The Worldwide Harmonised Light Vehicle Test Procedure (WLTP) laboratory test is used to measure fuel consumption and CO2 emissions from passenger cars and vans, as well as their pollutant emissions.
From September 1, 2017 more realistic tests were introduced to certify new cars against Euro 6 emission limits.
WLTP applied to all new type approvals for cars from September 2017 and, from September 1, 2018, it applied to all new car registrations. Vans followed a year later.
View the latest WLTP CO2 emissions figures for any car, using the Fleet News Car CO2 and Fuel Economy database.
Laboratory tests for vehicles measure:
- fuel consumption
- CO2 emissions
- Pollutant emissions
- Energy consumption values of alternative powertrains as well as the range of electric vehicles (EVs)
The WLTP is based on real-driving data, designed to better match on-road performance.
WLTP will introduce much more realistic testing conditions.
- more realistic driving behaviour
- a greater range of driving situations (urban, suburban, main road, motorway)
- longer test distances
- more realistic ambient temperatures, closer to the European average
- higher average and maximum speeds
- higher average and maximum drive power
- more dynamic and representative accelerations and decelerations
- shorter stops
- optional equipment: CO2 values and fuel consumption are provided for individual vehicles as built
- stricter car set-up and measurement conditions
- enables best and worst-case values on consumer information, reflecting the options available for similar car models.
Because of all these improvements, WLTP will provide a much more accurate basis for calculating a vehicle's fuel consumption and emissions.
This will ensure that lab measurements better reflect the on-road performance.
What is the difference between WLTP and the previous testing regime?
The previous test – the New European Driving Cycle (NEDC) – was designed in the 1980s.
Due to evolutions in technology and driving conditions it became outdated.
The European Union developed the new test, the Worldwide Harmonised Light Vehicle Test Procedure (WLTP).
While the old NEDC test determined test values based on a theoretical driving profile, the WLTP cycle was developed using real-driving data, gathered from around the world.
The WLTP driving cycle is divided into four parts with different average speeds: low, medium, high and extra high.
Each part contains a variety of driving phases, stops, acceleration and braking phases.
For a certain car or van type, each powertrain configuration is tested with WLTP for the lightest (most economical) and heaviest (least economical) version.
WLTP was developed with the aim of being used as a global test cycle across different world regions, so pollutant and CO2 emissions as well as fuel consumption values would be comparable worldwide.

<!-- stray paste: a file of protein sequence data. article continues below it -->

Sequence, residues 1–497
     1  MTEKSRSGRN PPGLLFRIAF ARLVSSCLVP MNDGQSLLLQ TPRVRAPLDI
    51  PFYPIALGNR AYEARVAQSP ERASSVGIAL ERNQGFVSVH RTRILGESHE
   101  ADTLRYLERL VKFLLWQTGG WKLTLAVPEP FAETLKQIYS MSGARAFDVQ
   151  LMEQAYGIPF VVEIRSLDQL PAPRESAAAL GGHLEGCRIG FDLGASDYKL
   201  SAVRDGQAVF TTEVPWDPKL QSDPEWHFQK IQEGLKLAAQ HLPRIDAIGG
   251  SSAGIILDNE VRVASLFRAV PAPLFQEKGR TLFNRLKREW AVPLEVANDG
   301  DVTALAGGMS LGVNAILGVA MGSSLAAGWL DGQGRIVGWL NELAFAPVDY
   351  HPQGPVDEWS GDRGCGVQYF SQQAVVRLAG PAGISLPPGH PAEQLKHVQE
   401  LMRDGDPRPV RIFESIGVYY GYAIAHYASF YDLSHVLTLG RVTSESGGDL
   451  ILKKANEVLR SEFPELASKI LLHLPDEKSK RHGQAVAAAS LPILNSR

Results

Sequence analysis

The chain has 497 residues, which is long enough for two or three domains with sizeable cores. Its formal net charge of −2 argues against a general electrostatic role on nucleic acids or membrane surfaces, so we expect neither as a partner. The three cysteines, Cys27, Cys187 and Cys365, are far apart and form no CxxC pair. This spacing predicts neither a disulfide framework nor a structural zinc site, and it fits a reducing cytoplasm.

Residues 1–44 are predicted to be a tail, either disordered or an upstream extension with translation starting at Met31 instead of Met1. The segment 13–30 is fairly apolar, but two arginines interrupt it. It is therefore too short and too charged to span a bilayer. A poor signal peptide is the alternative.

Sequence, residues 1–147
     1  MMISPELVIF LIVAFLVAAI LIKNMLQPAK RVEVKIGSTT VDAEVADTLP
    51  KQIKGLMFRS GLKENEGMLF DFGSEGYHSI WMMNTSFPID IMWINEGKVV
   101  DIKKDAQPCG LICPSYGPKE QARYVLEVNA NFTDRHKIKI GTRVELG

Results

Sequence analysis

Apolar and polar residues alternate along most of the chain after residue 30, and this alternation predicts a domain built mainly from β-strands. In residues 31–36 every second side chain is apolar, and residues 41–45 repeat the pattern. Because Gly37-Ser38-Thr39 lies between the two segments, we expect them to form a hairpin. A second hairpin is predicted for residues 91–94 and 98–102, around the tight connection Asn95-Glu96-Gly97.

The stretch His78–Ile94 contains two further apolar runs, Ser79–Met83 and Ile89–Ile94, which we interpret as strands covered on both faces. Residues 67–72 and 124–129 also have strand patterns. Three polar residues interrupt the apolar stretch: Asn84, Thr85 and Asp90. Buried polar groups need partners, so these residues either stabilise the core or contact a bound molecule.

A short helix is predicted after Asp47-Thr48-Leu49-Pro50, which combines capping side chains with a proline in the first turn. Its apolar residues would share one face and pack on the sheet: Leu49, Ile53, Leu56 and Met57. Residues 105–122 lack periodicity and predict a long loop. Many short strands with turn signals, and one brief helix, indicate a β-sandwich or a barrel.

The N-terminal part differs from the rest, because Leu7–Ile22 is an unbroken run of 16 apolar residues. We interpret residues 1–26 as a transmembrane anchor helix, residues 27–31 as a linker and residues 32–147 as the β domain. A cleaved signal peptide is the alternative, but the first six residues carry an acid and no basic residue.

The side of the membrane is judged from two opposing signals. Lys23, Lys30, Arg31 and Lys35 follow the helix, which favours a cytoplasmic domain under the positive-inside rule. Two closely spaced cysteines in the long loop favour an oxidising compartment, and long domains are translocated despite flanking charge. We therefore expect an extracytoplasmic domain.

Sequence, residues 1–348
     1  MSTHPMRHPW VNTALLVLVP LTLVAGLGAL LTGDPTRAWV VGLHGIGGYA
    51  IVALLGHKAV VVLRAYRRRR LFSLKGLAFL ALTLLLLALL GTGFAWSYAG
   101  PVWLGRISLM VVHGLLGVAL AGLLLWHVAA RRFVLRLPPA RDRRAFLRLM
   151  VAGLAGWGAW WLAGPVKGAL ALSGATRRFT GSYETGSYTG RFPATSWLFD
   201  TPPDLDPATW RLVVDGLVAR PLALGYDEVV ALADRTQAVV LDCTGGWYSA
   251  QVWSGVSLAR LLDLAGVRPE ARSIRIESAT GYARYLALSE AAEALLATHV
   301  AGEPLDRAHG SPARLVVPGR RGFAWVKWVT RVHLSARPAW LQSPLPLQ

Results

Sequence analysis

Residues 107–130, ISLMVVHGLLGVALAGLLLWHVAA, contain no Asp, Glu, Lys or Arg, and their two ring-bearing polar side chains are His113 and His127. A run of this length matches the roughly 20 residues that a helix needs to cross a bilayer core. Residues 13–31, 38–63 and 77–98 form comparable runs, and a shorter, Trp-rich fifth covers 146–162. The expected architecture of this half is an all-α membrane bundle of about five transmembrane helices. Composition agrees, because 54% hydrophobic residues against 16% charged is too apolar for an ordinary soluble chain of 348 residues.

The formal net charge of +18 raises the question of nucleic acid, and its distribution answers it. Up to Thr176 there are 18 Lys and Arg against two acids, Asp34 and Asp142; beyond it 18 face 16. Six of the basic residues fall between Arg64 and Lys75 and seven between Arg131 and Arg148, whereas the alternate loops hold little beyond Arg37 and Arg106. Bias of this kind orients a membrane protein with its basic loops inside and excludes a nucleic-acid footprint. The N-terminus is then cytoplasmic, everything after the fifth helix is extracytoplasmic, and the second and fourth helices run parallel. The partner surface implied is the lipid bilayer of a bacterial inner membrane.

However, while the WLTP has a common global ‘core’, the European Union and other regions will apply the test in different ways depending on their road traffic laws and needs.
WLTP and the impact on fuel consumption
A car or vans fuel consumption performance will not change with new WLTP values.
The Worldwide Harmonised Light Vehicle Test Procedure will result in a higher g/km CO2 value for the same vehicle compared to NEDC because it is a more rigorous and longer test – meaning the WLTP will provide a better reflection of today’s situation than the NEDC.
The higher CO2 value does not mean increased fuel consumption, but rather a more realistic CO2 value due to the change in how the vehicles are tested.
WLTP and the impact on taxation
The move to the new WLTP test should not negatively impact vehicle taxation by increasing costs.
The vehicle’s performance is not affected by the transition to Worldwide Harmonised Light Vehicle Test Procedure. However, WLTP will result in a higher g/km CO2 value for a specific vehicle compared to NEDC, simply because it is more rigorous than the old test.
In the transitional period, some cars or vans in the market will only have NEDC-CO2 values, whereas the most recently approved will have both WLTP and correlated NEDC-CO2 values.
For example, as of September 2017 one car model might still have a value of 100g CO2/km using the old NEDC test, but a recently approved car might come in at around 120g CO2/km under the new WLTP test.
The cars are nearly identical, except one has the latest test results.
It is quite clear which one the consumer would choose if a country’s CO2-tax scheme were to remain unchanged. This would lead to a very anti-competitive situation in the market, and result in confusion for businesses and drivers.
WLTP + RDE
Alongside the WLTP lab test there is also an accompanying emissions test known as the Real Driving Emissions test (RDE). The purpose is to make sure cars meet emissions limits in a range of driving conditions. An RDE test lasts between 90 and 120 minutes and take in a mix of 'normal' urban, rural and motorway driving.
There are two steps to RDE.
Step 1 applies to new type approvals from September 1, 2017 and to all new registrations from September 1, 2019.
Step 2 applies to new type approvals from January 1, 2020 and to all new registrations from January 1, 2021.
From September 2018, the Euro standard to which a new car has been certified will be shown on the V5c vehicle registration document and the online